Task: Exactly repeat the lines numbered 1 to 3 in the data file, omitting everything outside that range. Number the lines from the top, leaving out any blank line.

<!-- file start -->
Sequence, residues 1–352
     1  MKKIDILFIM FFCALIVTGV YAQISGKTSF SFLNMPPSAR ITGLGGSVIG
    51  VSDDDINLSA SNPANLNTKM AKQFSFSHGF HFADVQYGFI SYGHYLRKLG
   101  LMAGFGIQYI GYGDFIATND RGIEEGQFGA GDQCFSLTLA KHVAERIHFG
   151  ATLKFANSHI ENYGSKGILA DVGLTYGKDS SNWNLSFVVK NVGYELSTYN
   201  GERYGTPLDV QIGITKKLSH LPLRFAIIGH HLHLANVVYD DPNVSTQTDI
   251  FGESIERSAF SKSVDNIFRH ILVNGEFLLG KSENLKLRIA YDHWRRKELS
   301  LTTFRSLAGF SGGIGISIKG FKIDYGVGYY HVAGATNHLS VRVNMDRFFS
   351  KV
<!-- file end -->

Sequence, residues 1–352
     1  MKKIDILFIM FFCALIVTGV YAQISGKTSF SFLNMPPSAR ITGLGGSVIG
    51  VSDDDINLSA SNPANLNTKM AKQFSFSHGF HFADVQYGFI SYGHYLRKLG